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The "mapDispatchToProps" Lesson is part of the full, Redux Fundamentals (feat. React) course featured in this preview video. Here's what you'd learn in this lesson:

Steve demonstrates using mapDispatchToProps to pass dispatch in to the container connect. To simplify mapDispatchToProps the function can be passed an object and automatically form a dispatch.


Transcript from the "mapDispatchToProps" Lesson

>> We know that the item can be dispatched. But now we also need to actually wire it up to this button, because like right now, there's nothing actually happening here. And so there's a bunch of ways to do this. And we'll kind of step through just the, dead simple approach first, and then we'll kind of escalate it a little bit to a more kind of sustainable approach.

So if we go in, we want to create this NewItemFormContainer. Now that's going to wrap our new item form with everything it needs to be connected up to Redux. And we can say NewItemFormContainer, and we need a new item form From ../components/newitemform, right? And we will, pull in connect as well.

And so the cool thing that, is if you don't give connect any arguments or if you don't give it any map dispatch to props, it's gonna pass in that full dispatch object. Which is just like map state to props was an analog towards Uselector, that dispatch is effectively the same dispatch, that you get from the use dispatch hook, in our, or say NewItemFormContainer.

Equals Connect by giving no arguments, no map state to props, no dispatch to props. Unlike that tip selector I showed you the very beginning. And we pass the NewItemForm, it's going to pass in, an empty object for the state props, and then it will actually pass in dispatch, as a prop to that object.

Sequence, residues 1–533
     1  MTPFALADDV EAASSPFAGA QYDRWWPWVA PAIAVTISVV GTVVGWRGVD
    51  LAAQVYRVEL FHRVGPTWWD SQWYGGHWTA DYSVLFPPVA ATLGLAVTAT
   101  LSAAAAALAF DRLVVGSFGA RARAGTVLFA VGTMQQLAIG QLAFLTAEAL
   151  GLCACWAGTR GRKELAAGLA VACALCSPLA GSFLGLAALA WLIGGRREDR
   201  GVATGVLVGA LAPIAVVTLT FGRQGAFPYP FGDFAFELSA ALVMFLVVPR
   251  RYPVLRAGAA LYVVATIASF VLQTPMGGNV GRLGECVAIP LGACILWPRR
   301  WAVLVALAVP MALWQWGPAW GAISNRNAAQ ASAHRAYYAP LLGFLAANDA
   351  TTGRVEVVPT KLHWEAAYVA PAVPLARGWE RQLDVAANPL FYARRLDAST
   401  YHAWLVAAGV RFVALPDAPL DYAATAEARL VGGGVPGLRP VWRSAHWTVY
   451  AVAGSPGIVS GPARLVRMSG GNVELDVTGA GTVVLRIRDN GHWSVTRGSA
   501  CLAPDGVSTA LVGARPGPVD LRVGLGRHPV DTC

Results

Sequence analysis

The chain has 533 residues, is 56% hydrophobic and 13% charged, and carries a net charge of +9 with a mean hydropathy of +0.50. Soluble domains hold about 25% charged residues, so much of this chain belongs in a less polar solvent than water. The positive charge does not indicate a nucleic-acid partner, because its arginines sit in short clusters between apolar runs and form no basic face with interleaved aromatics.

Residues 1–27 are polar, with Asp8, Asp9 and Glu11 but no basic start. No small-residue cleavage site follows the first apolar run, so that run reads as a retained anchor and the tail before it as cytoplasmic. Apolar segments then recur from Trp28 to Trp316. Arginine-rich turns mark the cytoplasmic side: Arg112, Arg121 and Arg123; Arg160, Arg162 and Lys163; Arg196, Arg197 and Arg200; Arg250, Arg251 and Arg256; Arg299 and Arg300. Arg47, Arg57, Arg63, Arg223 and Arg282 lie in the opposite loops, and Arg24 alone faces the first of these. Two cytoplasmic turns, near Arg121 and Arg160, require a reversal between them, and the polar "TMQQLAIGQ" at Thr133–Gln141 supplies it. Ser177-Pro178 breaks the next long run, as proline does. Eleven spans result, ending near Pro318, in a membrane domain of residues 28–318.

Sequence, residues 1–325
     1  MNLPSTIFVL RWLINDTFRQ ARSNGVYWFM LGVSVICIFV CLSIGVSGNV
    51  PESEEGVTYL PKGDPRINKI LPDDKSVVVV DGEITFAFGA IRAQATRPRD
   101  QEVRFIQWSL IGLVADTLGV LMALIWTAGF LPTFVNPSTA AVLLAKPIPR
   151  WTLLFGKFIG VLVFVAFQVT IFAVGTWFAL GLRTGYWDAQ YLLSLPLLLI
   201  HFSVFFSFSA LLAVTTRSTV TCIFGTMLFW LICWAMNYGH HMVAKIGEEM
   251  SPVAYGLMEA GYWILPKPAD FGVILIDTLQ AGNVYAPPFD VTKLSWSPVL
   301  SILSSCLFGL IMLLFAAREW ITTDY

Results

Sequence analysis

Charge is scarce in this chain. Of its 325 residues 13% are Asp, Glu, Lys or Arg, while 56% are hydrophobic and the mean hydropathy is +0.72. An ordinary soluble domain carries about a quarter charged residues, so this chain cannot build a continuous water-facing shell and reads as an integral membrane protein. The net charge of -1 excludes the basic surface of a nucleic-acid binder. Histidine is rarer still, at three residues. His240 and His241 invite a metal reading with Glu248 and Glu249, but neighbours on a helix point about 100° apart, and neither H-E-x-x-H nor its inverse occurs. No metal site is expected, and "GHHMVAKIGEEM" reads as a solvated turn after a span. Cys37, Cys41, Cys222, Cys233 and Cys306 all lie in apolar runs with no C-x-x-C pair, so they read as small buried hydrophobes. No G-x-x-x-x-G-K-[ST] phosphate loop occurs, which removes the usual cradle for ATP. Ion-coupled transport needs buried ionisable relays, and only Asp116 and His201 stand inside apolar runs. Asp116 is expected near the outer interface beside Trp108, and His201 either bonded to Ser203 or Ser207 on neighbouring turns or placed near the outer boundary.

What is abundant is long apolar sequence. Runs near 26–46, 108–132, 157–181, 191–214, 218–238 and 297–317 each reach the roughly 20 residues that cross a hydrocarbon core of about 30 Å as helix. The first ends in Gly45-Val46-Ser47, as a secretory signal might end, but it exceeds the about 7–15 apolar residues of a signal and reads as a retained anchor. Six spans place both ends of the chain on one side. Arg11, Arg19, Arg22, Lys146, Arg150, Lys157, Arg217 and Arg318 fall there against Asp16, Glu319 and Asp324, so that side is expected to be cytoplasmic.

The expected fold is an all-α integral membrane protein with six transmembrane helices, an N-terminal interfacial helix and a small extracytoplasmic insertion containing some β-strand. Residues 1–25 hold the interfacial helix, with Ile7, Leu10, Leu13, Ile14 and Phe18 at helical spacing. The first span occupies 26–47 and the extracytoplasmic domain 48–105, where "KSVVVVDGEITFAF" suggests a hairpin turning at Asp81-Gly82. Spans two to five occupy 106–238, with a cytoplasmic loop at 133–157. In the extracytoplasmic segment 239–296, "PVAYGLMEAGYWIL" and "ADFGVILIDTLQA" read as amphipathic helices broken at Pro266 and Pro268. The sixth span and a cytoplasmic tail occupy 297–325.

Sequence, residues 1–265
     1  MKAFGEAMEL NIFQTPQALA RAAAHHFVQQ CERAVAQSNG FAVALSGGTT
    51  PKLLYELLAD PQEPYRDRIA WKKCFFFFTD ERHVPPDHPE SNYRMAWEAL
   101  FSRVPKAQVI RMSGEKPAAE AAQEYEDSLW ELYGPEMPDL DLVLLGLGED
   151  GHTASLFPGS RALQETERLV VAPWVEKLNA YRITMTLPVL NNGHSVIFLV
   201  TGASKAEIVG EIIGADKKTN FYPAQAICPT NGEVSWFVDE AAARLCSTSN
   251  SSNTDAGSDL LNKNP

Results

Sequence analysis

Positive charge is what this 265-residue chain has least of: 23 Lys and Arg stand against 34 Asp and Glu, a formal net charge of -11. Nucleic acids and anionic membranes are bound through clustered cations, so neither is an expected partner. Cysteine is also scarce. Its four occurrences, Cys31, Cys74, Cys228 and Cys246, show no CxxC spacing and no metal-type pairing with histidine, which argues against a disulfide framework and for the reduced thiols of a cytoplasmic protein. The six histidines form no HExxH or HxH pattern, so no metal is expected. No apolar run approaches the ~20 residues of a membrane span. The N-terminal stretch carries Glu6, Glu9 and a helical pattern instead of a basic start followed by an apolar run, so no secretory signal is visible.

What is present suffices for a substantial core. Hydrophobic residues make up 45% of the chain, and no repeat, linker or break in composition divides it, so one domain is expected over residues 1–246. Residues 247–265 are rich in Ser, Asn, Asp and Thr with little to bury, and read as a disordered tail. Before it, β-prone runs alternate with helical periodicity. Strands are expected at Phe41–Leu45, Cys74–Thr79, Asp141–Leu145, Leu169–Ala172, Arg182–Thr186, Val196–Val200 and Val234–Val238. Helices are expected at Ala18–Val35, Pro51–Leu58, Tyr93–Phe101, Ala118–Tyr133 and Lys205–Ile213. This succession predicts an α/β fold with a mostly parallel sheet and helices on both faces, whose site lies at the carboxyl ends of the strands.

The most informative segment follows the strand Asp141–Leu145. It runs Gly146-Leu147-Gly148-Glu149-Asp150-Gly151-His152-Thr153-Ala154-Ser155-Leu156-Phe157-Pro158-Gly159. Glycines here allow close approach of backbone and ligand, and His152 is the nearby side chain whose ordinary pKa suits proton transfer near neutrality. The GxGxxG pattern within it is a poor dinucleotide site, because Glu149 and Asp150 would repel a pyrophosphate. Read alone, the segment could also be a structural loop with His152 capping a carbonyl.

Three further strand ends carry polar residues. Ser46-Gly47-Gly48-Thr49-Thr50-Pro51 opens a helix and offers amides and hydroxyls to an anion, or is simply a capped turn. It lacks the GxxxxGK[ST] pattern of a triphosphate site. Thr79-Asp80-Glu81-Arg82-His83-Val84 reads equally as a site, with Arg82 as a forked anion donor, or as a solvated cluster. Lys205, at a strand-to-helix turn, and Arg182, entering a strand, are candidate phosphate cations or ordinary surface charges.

So I can go ahead and, if we go into calculator, we can swap it out. And we'll say you want to FormContainer. Containers, great, so I should be swapped in at this point. Now this isn't great because like we need to go into NewItemForm and modified a little bit.

And one of the selling points of using the connect API is basically, your regular old presentational UI. React components can be completely agnostic, to the existence of redux. And if you want to swap it out or use it in a test suite or anything along those lines, but just approve the dispatch does get passed in.

We will take this dispatch, and we'll say, whenever they submit the form, will dispatch and I'm going to just hard coded in because we're gonna delete this in a second. I don't need any more imports than we already have. So we'll say type is item added I believe it was, and the payload will be.

Name and price, that should do the trick. So I'm gonna go ahead and we'll say. We'll get the price of 500 bucks. You can see that it was added there as well. So dispatch does get passed in. If you pass nothing, you just connect a, any old react component to Redux using the connect API.

Dispatch gets handed in, just as if you would use to use dispatch hook. But if we want to say like, hey, if you look at this component, the API for this component, is that it has a onSubmit, props is expecting. If you want to be like say, hey, I want to create my state management in a way, that doesn't even touch any of the UI components that are being created.

This is where that map dispatch props can take that dispatch and, kind of work with it to get in a way that component is expecting, on your behalf. So I'll just remove everything we did just now. I'll save that, and let's actually go into this NewItemFormContainer, and we'll get it working, which is just review.

The NewItemForm is expecting a prop called onSubmit. And it's going to call that onSubmit function, whenever the form is submitted. So really all we want to do is, give it an onSubmit prop, that comes from our Redux dispatch. So this is what we'll do this const MapDispatchToProps. And that is a function that will take Dispatch.